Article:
Provincial and federal governments alike have a duty, under our Constitution, to consult with First Nations whose rights are affected by major changes to land use policy. When Alberta arbitrarily revoked its Coal Policy — one that was originally put in place by Peter Lougheed’s Progressive Conservative government after extensive consultation — they consulted only with the coal industry. They are in breach of their Constitutional duty to respectfully consult Indigenous people. The federal government has a direct interest in that.
Almost all the current coal mining proposals affect the breeding habitat of species protected by law under the federal Species At Risk Act. These include Westslope Cutthroat Trout, Limber and Whitebark Pines, and Grizzly Bear. The province has submitted draft recovery plans for cutthroat trout and grizzly that are clearly substandard and they expect the federal government to rubber stamp those plans — even while instituting a policy that is intended to facilitate strip-mining of critical habitats. The federal government has a duty to protect those species.
The Government of Canada and Alberta are subject to international agreements to reduce greenhouse gases. This is an urgent priority in the face of our ongoing climate crisis. Burning coal releases stored carbon into the atmosphere as carbon dioxide. Coal mined in Alberta might be burned in China, Japan or India, but there is only one atmosphere: we don’t get to play Pontius Pilate on this. The federal government has a duty to consider the impact of major new initiatives on our ability to meet our greenhouse gas reduction targets.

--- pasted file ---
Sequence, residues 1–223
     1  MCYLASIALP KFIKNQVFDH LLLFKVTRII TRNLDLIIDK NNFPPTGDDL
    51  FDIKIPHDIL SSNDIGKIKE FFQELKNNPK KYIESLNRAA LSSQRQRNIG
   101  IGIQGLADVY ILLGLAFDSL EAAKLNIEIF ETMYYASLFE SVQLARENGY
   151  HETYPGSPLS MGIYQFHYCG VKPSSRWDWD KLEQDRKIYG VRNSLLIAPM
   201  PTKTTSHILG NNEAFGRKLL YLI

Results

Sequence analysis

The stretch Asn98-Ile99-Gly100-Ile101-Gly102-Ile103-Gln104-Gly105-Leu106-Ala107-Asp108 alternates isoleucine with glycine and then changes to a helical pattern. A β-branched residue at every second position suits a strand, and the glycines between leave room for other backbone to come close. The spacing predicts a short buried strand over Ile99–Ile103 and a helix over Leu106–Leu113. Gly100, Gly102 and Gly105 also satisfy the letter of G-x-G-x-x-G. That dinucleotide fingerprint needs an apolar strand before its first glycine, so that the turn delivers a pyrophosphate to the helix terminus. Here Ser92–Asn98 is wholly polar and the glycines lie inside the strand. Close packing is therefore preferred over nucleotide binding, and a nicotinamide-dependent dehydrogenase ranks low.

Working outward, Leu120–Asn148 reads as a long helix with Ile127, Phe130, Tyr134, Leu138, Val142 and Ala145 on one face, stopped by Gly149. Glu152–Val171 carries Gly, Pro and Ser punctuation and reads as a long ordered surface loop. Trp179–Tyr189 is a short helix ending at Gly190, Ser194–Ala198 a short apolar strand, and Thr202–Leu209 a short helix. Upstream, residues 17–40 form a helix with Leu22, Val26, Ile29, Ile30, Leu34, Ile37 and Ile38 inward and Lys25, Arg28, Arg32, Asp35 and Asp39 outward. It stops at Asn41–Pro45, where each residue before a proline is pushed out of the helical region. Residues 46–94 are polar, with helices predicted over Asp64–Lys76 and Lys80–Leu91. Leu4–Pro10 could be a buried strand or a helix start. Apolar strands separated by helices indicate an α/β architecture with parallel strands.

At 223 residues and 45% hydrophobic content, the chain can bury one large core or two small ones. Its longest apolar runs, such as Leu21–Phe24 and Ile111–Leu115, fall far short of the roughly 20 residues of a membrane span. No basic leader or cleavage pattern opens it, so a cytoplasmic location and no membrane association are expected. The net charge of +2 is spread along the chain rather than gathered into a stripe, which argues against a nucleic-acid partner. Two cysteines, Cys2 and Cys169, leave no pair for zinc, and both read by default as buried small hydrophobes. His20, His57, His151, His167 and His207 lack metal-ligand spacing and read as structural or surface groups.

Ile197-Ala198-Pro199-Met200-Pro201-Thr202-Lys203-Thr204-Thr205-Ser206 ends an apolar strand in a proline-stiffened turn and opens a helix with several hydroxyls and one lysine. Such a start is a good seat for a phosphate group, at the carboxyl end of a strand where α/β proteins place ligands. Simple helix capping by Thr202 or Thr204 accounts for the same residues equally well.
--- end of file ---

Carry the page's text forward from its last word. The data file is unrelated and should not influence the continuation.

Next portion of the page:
The Eastern Slopes of the Rocky Mountains provide more than 80% of all the river water in the arable regions of prairie Canada. Water security is a critical strategic issue for this country, given the importance of irrigation agriculture and prairie towns and cities, and the costs of flood-relief and drought-relief programs. Coal strip mining destroys the surface hydrology of headwater basins and releases soluble toxins like selenium into ground and surface water. Existing coal mines in BC and near Hinton have failed to find a way to keep those toxins out of rivers and in fact more than 90% of the threatened west slope cutthroat trout population recently died in the Fording River because of coal mine pollution. Water security is a federal concern.